Jaundice is a sign of an underlying disease; it occurs when there’s too much bilirubin in your blood. Bilirubin comes from the break down of old red blood cells, which the liver filters from the bloodstream.
Jaundice may develop if there is either an increased breakdown of red blood cells, the liver’s functional capacity decreases or there is a blockage in the excretion of bile. Bilirubin builds up and can cause your skin to look yellow.
What is Bilirubin?
Bilirubin is a yellowish pigment that is made during the normal breakdown of red blood cells. Higher than normal levels of bilirubin may indicate an underlying liver or bile duct problem. Eventually, most of it leaves the body in the faeces.
Jaundice is divided into 3 groups: according to the different causes.
- Pre-hepatic (before bile is made in the liver).
- Haemolysis (rupture or destruction of red blood cells), the most common cause of prehepatic jaundice, this involves increased production of bilirubin.
- Less common cause of pre-hepatic jaundice includes Gilbert’s disease and Grigler-Najjar syndrome
- Hepatic (problems arising within the liver).
Jaundice in these cases is caused by the liver’s inability to properly metabolize and excrete bilirubin. Examples include:
- Certain medicines: Drugs like acetaminophen, penicillin, birth control pills, and steroids have been linked to liver disease.
- Alcohol-related liver disease: If you drink too much over a long period of time — typically 8 to 10 years — you could seriously damage your liver. Two diseases in particular, alcoholic hepatitis and alcoholic cirrhosis, harm the liver.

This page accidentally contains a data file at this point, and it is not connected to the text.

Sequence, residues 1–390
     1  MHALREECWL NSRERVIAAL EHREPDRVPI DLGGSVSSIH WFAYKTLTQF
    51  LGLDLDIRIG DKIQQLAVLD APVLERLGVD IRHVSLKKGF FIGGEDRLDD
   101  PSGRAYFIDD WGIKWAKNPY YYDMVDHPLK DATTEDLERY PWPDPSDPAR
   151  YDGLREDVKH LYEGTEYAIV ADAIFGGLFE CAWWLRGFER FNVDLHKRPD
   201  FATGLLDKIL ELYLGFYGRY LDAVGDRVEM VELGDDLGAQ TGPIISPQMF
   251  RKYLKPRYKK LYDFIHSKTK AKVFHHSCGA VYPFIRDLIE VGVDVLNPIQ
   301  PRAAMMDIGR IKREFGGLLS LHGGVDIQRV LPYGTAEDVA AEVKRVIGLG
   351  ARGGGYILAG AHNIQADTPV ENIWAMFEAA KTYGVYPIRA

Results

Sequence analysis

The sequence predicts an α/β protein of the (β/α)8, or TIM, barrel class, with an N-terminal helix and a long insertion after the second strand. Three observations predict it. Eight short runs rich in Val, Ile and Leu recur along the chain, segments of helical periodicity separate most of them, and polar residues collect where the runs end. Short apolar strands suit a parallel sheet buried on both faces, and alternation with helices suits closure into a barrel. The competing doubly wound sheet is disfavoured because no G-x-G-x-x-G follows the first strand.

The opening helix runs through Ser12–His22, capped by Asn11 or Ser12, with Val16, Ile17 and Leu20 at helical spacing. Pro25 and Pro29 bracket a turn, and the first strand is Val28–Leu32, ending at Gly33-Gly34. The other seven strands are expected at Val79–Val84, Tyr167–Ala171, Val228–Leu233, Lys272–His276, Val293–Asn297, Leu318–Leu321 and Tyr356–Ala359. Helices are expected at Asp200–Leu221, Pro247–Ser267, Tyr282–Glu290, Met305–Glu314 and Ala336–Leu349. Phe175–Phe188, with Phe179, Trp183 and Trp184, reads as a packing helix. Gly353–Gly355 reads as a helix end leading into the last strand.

- Hepatitis: Most of the time, this infection is caused by a virus. It may be short-lived (acute) or chronic, which means it lasts for at least 6 months. Drugs or autoimmune disorders can cause hepatitis. Over time, it can damage the liver and lead to jaundice.
- Post-hepatic (after bile has been made in the liver)
- Blocked bile ducts: These are thin tubes that carry a fluid called bile from the liver and gallbladder to the small intestine. Sometimes, they get blocked by gallstones, cancer, or rare liver diseases. If they do, you could get jaundice.
- Pancreatic cancer: This is the 10th most common cancer in men and the ninth in women. It can block the bile duct, causing jaundice.
- Cancer is also an overlapping cause of post-hepatic jaundice.
- Yellow discolouration of the skin and mucous membranes
- Light-coloured stools
- Dark-coloured urine
- Itching of the skin
- Nausea and vomiting
- Abdominal pain or discomfort
- Loss of appetite
Liver function tests.
Blood tests that measure certain enzymes or proteins in your blood as well as your bilirubin levels
Albumin and total protein.
Levels of albumin — a protein made by the liver — and total protein show how well your liver is making proteins that your body needs to fight infections and perform other functions.
Complete blood count.
This test measures several components and features of your blood
This test measures the clotting time of your blood
The treatment of jaundice depends on what is causing it. All cases of jaundice require a detailed physical examination and work-up to ensure optimal treatment.
Please contact our rooms for an appointment if you have experienced or are experiencing any of the above mentioned symptoms at (012) 644 1327, or use any of the provided links on our website or facebook page to book or send us an e-mail at firstname.lastname@example.org.
We are dedicated to helping you. Please note that this information is not exclusive